Any questions, remarks or additions: melter[at]idicos.de
SANsymphony meets Veeam Backup and Replication – true love in the end!
In December 2019 the plugin for the popular DataCore SANsymphony SDS was finally released. And it is done in the only proper way: With full support and validation by Veeam.
In this article series we will cover several aspects of the plugin:
- Scope, features and license requirements for Veeam (just read on)
- Installation and configuration
- BfSS Jobs
- Manual snapshots and snapshot-only jobs
- Recovery from snapshots
- Off-label usage together with CDP
Vendor specific storage integration is an easy and straightforward way to enhance your Veeam backup strategy in many aspects.
Together with Version 9.5 U3 Veeam released its Universal Storage API back in 2017. Since then several storage vendors, both physical and virtual, started to provide plugins for this API.
These plugins are always created by the storage vendors but are validated by and delivered via Veeam. Therefore, Veeam can provide full support for the plugin. Though the documentation of the plugins is quite brief and generic, as it has to fit every vendor that the Universal Storage API integrates. This is where I had the idea for a series of blog posts to fill this gap for DataCore here.
Scope and features
In this first post of the series I’ll give an overview of the functionality of the plugin. We will also discuss the license requirements for Veeam to be able to use different aspects of the plugin.
With DataCore SANsymphony being a software defined storage system, the plugin generally enables every physical storage system behind the DataCore layer for native storage support inside VBR. Even older systems or entry-level systems could therefore gain full storage integration from Veeam.
What does Veeam talk about with saying “storage support” in the first place?
We have to differentiate two specific features in general:
- Backup-from-Storage-Snapshots (BfSS)
BfSS (1) can be considered an enhancement for regular primary backup jobs. The SLAs for certain Workloads during their backup windows can be guaranteed by enabling it. To be able to use BfSS, you will need to have an Enterprise Plus license for your Veeam installation. This can be a socket license or the new VUL subscription license. The latter always comes as an Enterprise Plus edition.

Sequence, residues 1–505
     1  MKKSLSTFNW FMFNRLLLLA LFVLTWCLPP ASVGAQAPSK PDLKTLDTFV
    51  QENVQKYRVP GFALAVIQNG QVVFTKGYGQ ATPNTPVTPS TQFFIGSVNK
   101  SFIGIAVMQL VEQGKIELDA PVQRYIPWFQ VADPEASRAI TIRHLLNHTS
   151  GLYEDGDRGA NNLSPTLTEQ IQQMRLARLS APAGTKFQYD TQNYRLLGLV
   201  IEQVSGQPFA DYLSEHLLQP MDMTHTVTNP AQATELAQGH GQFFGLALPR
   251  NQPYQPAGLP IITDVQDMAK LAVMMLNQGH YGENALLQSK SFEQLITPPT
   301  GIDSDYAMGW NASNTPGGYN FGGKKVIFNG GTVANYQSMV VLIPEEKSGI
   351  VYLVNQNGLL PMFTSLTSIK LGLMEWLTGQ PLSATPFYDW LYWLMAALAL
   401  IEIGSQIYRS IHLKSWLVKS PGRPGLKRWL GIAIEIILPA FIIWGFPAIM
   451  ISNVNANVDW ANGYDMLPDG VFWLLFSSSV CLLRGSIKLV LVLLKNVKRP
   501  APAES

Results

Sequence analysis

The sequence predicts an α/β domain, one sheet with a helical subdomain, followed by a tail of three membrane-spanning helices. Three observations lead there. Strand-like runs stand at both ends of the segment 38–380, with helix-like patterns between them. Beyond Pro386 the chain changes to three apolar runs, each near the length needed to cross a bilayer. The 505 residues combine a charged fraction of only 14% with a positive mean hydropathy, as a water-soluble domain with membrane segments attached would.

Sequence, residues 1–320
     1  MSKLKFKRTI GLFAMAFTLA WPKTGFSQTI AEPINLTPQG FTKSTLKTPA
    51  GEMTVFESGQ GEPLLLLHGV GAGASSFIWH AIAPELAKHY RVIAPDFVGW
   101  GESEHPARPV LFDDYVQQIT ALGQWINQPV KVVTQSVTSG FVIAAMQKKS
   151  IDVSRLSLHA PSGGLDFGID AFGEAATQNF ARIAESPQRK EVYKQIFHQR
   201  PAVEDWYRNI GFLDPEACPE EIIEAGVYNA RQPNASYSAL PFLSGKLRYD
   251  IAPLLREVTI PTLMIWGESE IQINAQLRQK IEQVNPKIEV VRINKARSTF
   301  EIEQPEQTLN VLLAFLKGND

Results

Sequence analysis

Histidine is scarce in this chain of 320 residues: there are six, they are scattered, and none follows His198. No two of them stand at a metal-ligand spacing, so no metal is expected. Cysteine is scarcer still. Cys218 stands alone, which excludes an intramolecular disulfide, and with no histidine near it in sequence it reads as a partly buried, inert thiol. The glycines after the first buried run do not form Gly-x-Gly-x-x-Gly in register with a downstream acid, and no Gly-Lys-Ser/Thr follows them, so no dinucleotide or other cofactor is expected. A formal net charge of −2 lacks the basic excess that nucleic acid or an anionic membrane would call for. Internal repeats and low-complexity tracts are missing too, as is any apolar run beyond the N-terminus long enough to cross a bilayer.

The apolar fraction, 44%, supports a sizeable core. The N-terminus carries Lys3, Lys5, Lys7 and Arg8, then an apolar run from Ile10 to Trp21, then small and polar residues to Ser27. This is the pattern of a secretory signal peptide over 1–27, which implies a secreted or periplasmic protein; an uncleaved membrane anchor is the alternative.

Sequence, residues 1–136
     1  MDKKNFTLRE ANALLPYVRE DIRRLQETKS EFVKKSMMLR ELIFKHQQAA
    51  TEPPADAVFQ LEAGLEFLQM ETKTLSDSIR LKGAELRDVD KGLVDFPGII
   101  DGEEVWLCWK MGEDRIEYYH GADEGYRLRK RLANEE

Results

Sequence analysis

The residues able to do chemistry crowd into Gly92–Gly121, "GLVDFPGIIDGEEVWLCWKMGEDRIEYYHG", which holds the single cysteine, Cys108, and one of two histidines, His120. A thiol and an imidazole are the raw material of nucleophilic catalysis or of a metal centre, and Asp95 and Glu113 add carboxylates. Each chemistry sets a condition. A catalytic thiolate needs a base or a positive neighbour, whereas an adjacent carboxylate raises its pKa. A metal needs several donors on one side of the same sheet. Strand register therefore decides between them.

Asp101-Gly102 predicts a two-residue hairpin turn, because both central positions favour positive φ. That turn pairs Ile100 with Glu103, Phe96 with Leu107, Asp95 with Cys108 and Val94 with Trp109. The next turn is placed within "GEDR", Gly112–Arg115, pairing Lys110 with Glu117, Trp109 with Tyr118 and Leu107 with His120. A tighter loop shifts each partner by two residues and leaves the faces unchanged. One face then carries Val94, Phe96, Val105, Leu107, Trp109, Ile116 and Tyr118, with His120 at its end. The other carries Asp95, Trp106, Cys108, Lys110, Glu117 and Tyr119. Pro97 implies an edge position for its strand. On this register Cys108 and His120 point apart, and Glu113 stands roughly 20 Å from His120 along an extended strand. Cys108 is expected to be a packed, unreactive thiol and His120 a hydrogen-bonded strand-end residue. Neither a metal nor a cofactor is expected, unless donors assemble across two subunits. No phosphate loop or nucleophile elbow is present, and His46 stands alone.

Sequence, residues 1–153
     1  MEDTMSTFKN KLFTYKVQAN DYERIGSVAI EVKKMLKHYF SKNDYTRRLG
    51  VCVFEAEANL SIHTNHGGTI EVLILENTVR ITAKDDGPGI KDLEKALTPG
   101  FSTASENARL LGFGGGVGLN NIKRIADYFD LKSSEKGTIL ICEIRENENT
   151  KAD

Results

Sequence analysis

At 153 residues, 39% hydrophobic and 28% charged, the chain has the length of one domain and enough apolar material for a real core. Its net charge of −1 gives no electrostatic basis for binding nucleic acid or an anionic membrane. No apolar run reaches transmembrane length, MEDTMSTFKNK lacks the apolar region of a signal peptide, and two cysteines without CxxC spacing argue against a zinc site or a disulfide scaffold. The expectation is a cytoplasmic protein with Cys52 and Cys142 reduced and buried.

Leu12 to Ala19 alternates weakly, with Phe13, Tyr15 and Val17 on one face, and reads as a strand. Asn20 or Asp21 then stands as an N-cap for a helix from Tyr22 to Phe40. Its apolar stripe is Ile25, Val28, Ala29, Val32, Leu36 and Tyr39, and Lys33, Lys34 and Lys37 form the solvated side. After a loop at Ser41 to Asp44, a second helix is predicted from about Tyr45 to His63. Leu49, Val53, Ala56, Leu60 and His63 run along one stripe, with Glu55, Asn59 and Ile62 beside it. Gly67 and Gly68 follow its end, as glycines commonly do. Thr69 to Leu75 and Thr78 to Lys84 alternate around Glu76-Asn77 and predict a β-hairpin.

Snapshot-Only-Jobs (2) do not have special license requirements inside Veeam. Even the community edition is able to leverage them. With a snapshot only job you can generate a Veeam primary backup job that is not pointing to a regular repository. Instead it shows a storage snapshot as its repository. By running this job, only a snapshot in the underlying storage system – in our case here DataCore SANsymphony – is generated. This takes only a few seconds. Yet in the Veeam interface the snapshot shows up as a full backup. You are able to recover a full VM from it using instant-recovery. Also, you can recover guest files or even application objects from this snapshot. Storage snapshots can be generated fast and multiple times with (almost) no impact on the production environment. This can dramatically minimize your RPO by using them in your Veeam backup strategy.
We will deep-dive into both methods as well as your recovery options in four following posts. We will also look into some off-label methods, you wont find in the Veeam guides.
In the following links you’ll find some basic info from DataCore and Veeam.
The extensive deepdive is ready for you on the following pages.
4 Replies to “Veeam Storage Plugin for DataCore – Deepdive”
Good News on the way, Datacore PSP14 will come soon and will give new features through CDP. Thanks to this update Veeam will be able to directly access the Datacore CDP. No more need Datacore Snapshot. Big Data economy and big flexybility.
Veeam normaly will update VBR just after and thats’it. We’ll all be able to recover a VM or guest files from reading Datacore CDP in point in time. (depending on how much you allocated to DC CDP for sure)
Thanks for the update. To my knowledge it will even be uncoupled from PSP14 and is to be released as an updated plugin pretty soon.
An update to the blog post will follow. In general it will deliver the same outcome but the process will be much easier to handle.
Great news for DataCore users having a slight fear of ransomware (who does not?). 😉
which SAU size would you recommend for the snapshot pool?
If you use CDP, is there any advisory which SAU size should be used?
I read the Veeam digest from gostev. Veeam released the CDP feature in their updated Datacore plugin. I’m really looking forward to your blog post update.
For a pure snapshot pool one might want to go as small as possible. I usually stick with 8 MB. 4 MB could also be an option. The smaller, the longer the pool can support your snapshots.
For CDP I did not find a best-practice recommendation. Through talks to DataCore SEs I narrowed my personal best-practice to 32MB as a trade off between overhead and granularity.